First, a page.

[Continuing his new 'Tales from the GDC Vault' series, digital historian Jason Scott showcases his work on the the GDC multimedia archives, presenting a Betamax video rundown and talks or excerpts featuring Peter Molyneux (Black & White) and Chris Taylor (Dungeon Siege).]
Jason Scott, GDC Historian here. I'm here to talk about the future. I'm here to talk, in other words, about the Betamax format.
For people of a certain age, Betamax is kind of a joke. For others who are younger, it's barely a word, something you might have heard in passing in an unrelated discussion about video. But what it is, in fact, is a video format that never quite died, and which still sees some amount of activity in the present day.
It was a contemporary format to VHS, first introduced in the 1970s, as one of the standards intended to be used in all sorts of consumer-grade hardware for videotape. It had some positive features, but a crushing grip by Sony meant that the format was shoved aside for its not-so-great-but-cheaper competitor, from JVC. Not one to just kill the format,
Sony instead tweaked it: the professional reworking of that consumer-grade video technology into Betacam meant that it had a lot of use in the professional sector going forward. Granted, that activity has decreased intensely with the advent of digital recording and high-definition requirements, but you can be assured that there are more Betamax players and recorders out there than the initial guess of "zero". One of them, I am happy to say, is in my house.
Check out this svelte monstrosity:
Unlike the all-too-frequent ebay "shipping and handling" shenanigans, when I discovered this thing was fifty actual pounds I thought the price charged was fair indeed. (I purchased the entire item, with shipping, for about $250, in case you're wondering). It works really well, too, another bonus.
In this situation, I am taking tapes that are in some cases a decade old and running them through, so I'm still in the process of testing various encoding and capturing trickery to get the whole thing working.
Another side technical note - the video ingesting system uses an RCA plug for audio input, but I found that a real waste considering the Betacam player uses professional grade XLR outputs. So, I ended up buying a bridging box to go from XLR to USB input:
So what tape gets the inaugural treatment? My first experiments have been with a tape of Peter Molyneux, from the GDC March 2000 (also called GDC '00) conference, in which he introduces the world to his new game Black & White.
The presentation itself is pretty good, but I can't put it all up yet - I am not 100% happy with the combination video and audio grab, and still want to work some of the kinks out. Here's what a frame of that presentation looks like on Betacam SP format:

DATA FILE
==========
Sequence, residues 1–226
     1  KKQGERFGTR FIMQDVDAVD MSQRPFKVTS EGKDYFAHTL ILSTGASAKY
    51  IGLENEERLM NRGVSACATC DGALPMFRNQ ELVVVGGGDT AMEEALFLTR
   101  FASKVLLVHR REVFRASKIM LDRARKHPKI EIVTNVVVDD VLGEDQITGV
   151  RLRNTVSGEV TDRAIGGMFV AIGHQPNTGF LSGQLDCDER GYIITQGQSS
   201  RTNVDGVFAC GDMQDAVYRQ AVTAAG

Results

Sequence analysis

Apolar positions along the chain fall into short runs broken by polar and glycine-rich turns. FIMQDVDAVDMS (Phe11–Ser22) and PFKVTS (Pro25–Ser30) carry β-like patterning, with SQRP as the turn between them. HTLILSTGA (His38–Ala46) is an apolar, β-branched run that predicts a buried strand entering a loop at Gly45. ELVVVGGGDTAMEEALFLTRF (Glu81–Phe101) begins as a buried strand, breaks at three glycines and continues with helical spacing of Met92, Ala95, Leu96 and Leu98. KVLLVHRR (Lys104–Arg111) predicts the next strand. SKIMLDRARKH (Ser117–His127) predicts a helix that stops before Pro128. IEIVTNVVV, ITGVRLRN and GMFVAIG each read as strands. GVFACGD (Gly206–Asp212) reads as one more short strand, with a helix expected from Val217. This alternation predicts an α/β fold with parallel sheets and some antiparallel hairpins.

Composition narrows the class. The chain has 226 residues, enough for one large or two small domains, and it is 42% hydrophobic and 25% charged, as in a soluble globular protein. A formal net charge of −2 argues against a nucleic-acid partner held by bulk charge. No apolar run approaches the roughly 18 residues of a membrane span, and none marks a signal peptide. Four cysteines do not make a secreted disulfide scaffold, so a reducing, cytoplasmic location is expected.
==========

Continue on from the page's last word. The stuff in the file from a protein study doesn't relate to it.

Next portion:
So, here is a short GDC Vault-hosted excerpt of that speech. In it, Bullfrog Software founder Molyneux covers his career up to 2000, how he's always wanted games about people, and then launches into an extended overview of playing around in the Beta version of Black & White.
It's easy to see why Microsoft had him be a key part of the Xbox portfolio, and one of the game-specific presenters for the announcement of the Kinect a decade later - he's charming, and nothing in the presentation phases him. I'll have the full talk up sooner rather than later.
Betamax! Is there nothing it can't do?
Also available this week, here's a little something from the audio-only, digitized from cassette onto GDC Vault. Specifically, in the CGDC 1997 bin is a talk entitled "'Lessons Learned on Dungeon Siege and Other Random Things', done by Gas Powered Games' Chris Taylor, that is a beautiful, hilarious spinning of tales related to game development.
In 1997, the Total Annihilation designer can still bring up the single-developer era while also discussing the more factory-based situation that starts to become prevalent, where monetary choices are beginning to dominate and the games are being made along reasons far outside of creativity.
Heck, how many game talks recommend that you go buy Dale Carnegie's How to Win Friends and Influence People? He also let you know that instant messaging is very important. Agreed! Oh, and he mentioned that maybe you should consider using a Wiki, though he struggles to tell you how useful it can be. (Not bad for 1997!)
What a character he is in this! It feels like your buddy who got into games breaking down what his day and work is like, with no pretense, no need to justify. Sometimes things don't work out, sometimes they succeed wildly. Run it in the background while you're working on something - you might find yourself working even harder because your new buddy is inspiring you.
Stay tuned for items coming up! I'd better have some use for this gargantuan machine on my floor....